le Vent a Dos. Davey Crockett http://petition.eurolinux.org
    ; http://members.rogers.com/sixday/sixday.html Please
    address all replies to the list
     
  13. Ilan Vardi

    Ilan Vardi Guest

    Dan Connelly <[email protected]_e_e_e._o_r_g> wrote in message news:<0%[email protected]>...
    >
    >
    > 22. And you'll probably lose. No jynx there, though. Same
    > with any of the other jynxes (rainbow jersey, SI,
    > ...)

    Actually, it seems to me that beating roulette shouldn't be
    that hard. In particular, the approach taken in the book
    "The Eudaenomic Pie", that is, to use differential equations
    to predict the final placement of the ball, is too heavy
    handed. Why not just use the following method: Watch where
    the ball lands and on the next bet have your team bet on
    numbers in the same half of the wheel (relative to the
    motionless table). This only requires knowing the state of
    the wheel when the ball is thrown.

    -ilan
     
  14. Robert Chung

    Robert Chung Guest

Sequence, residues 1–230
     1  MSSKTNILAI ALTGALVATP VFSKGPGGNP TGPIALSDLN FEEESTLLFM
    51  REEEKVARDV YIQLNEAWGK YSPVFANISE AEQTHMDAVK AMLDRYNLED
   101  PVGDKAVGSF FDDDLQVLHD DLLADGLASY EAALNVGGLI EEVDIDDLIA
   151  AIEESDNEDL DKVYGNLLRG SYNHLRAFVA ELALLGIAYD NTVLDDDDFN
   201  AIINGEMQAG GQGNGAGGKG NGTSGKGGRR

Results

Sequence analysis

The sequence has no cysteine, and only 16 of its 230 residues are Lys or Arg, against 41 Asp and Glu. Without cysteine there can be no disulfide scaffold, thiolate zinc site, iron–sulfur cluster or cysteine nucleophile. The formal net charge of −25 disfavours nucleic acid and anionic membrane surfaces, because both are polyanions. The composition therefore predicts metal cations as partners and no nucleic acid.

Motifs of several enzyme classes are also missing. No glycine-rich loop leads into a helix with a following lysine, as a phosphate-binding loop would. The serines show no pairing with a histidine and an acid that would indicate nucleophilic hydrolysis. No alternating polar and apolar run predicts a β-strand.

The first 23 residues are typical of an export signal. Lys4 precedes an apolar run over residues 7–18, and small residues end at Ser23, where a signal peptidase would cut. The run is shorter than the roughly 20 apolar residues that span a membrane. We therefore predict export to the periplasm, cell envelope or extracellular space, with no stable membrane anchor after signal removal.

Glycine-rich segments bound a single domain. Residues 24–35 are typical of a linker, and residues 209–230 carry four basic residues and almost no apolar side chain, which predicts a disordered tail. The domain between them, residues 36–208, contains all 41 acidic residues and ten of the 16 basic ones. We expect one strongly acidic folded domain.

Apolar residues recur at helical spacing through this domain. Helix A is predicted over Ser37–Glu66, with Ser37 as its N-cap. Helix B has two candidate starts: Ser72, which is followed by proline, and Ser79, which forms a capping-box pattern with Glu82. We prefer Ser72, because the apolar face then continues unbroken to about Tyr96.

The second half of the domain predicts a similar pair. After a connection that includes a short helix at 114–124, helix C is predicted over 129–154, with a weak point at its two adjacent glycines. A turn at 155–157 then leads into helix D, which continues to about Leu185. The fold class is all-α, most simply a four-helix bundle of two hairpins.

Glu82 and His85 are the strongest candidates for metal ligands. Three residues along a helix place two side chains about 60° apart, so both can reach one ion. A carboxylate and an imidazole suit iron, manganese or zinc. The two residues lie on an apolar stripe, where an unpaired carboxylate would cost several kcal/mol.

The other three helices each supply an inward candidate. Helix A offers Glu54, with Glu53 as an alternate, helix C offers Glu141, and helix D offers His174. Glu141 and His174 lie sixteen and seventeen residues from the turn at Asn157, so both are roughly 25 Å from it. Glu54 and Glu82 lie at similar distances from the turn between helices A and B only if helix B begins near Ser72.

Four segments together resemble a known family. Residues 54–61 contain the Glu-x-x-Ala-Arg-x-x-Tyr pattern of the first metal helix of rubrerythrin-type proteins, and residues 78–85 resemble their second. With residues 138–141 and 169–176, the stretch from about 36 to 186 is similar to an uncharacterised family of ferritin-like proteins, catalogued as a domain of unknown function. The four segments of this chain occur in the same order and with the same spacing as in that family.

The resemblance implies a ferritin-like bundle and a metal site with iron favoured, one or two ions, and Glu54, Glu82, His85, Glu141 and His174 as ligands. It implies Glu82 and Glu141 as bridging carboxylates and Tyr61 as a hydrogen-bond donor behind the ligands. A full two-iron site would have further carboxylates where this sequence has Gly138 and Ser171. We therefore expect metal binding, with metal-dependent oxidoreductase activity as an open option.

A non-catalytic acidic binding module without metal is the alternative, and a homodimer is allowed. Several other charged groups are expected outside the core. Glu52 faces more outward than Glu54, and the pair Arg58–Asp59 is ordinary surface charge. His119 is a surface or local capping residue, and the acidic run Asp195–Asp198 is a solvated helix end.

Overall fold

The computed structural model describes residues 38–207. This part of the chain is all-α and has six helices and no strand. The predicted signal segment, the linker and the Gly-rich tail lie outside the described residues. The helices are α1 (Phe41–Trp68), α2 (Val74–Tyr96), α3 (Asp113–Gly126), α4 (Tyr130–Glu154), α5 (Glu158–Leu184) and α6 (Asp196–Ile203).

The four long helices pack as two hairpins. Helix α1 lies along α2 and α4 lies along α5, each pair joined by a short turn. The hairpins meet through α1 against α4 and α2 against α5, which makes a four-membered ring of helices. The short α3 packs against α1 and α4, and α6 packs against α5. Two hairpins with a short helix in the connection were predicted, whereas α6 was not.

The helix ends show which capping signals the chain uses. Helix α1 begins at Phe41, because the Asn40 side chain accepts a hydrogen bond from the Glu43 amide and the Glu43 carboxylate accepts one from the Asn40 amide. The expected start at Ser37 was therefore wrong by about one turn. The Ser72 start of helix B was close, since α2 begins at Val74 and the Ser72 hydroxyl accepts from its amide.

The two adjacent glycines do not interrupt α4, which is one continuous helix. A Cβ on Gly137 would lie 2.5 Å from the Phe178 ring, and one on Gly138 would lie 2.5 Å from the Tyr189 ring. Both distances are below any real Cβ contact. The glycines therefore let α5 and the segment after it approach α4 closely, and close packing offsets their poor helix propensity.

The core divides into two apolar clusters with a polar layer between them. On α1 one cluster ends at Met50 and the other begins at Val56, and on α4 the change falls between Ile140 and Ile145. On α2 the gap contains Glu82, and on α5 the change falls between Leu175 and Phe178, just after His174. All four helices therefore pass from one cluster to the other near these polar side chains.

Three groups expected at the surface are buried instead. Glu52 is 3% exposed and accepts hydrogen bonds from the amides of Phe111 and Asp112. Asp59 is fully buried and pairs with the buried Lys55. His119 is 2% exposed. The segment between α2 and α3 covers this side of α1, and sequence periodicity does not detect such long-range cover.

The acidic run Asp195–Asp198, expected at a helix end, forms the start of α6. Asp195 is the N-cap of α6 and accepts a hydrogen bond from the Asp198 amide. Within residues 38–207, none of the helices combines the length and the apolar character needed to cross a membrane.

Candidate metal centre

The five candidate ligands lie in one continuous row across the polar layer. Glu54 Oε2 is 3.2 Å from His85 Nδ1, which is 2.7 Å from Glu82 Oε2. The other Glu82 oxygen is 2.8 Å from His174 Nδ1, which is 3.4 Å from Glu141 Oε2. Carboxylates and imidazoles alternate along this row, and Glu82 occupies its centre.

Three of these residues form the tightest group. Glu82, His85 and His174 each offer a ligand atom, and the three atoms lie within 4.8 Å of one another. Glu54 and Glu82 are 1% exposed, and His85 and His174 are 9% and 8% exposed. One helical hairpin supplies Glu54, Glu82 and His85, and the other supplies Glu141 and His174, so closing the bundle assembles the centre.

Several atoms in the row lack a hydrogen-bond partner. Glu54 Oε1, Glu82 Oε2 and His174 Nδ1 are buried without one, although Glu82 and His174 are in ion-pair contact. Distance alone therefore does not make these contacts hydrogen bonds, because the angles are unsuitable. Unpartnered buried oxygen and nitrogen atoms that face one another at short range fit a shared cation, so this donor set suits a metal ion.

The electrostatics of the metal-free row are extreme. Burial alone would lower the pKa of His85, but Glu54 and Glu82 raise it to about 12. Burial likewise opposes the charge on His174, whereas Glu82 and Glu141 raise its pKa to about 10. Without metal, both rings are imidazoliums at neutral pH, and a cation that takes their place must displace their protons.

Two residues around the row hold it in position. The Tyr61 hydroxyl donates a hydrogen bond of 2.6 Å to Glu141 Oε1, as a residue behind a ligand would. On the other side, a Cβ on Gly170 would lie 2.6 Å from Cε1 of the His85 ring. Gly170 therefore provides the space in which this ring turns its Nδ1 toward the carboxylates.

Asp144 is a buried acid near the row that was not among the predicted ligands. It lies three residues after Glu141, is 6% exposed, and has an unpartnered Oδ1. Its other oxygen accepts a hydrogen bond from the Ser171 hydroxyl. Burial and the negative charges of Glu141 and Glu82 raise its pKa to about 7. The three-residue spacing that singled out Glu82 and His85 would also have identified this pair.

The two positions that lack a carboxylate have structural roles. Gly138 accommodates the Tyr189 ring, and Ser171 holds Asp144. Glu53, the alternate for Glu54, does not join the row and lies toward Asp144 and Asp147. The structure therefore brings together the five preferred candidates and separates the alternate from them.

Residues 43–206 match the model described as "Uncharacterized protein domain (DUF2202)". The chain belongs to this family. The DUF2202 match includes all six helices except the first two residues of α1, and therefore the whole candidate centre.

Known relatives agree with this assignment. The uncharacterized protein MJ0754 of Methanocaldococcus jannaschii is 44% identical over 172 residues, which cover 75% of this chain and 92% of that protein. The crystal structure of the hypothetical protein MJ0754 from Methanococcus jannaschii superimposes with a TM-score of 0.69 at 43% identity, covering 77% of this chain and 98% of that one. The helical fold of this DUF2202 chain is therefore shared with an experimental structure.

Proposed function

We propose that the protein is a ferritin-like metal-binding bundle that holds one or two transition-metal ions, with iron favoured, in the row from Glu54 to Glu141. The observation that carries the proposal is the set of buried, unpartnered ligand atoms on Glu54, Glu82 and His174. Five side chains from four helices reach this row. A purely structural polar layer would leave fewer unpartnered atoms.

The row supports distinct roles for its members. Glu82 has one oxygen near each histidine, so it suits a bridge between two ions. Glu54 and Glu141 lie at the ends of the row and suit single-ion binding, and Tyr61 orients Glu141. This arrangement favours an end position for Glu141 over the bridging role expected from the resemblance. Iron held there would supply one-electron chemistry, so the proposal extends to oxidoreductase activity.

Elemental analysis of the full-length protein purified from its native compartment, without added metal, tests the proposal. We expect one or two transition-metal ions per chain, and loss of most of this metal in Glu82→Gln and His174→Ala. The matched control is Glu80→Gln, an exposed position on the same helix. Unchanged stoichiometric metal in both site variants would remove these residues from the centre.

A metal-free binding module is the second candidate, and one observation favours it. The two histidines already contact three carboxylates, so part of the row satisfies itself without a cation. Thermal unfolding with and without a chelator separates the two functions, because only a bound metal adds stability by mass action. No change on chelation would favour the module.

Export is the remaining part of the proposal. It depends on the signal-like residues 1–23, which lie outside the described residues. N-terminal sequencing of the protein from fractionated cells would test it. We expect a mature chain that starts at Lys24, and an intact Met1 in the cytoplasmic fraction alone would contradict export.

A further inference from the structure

Davey Crockett wrote:
    >
    > Probability now? Just don't confuse Statistics with
    > Probability. They might be often related, but are not the
    > same thing at all.......... :)

    I used to think I kinda knew a little about probability but
    I'm very confused by the Vice President's use of the word
    "probably" when he said yesterday that he had no regrets and
    felt better after "probably" telling
     
  15. "Robert Chung" <[email protected]> wrote in message news:[email protected]...
    > Davey Crockett wrote:
    > >
    > > Probability now? Just don't confuse Statistics with
    > > Probability. They might be often related, but are not
    > > the same thing at all.......... :)
    >
    > I used to think I kinda knew a little about probability
    > but I'm very confused by the Vice President's use of the